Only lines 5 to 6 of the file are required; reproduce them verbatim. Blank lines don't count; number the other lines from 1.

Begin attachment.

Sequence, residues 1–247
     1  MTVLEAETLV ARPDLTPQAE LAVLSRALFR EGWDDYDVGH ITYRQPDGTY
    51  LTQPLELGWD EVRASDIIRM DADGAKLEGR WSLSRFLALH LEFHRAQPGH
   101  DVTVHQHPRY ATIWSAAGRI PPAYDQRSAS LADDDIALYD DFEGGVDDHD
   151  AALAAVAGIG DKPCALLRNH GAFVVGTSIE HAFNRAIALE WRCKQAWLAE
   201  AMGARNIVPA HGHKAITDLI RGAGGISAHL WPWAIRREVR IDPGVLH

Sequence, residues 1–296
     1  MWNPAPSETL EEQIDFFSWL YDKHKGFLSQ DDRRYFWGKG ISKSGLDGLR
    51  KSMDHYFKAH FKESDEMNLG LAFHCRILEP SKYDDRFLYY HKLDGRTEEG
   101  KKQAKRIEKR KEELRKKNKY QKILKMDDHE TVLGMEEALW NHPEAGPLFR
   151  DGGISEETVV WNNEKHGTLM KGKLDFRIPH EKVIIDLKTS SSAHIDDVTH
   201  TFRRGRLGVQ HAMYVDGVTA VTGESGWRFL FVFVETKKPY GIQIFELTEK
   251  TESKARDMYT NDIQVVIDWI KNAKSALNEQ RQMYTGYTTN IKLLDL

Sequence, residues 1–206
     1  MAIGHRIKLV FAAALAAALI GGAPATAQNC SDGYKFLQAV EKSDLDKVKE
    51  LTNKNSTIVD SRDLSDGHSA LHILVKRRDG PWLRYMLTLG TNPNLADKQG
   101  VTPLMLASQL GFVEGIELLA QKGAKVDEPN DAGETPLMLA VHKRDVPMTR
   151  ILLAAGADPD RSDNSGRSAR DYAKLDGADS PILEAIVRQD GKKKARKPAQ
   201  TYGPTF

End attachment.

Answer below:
   151  AALAAVAGIG DKPCALLRNH GAFVVGTSIE HAFNRAIALE WRCKQAWLAE
   201  AMGARNIVPA HGHKAITDLI RGAGGISAHL WPWAIRREVR IDPGVLH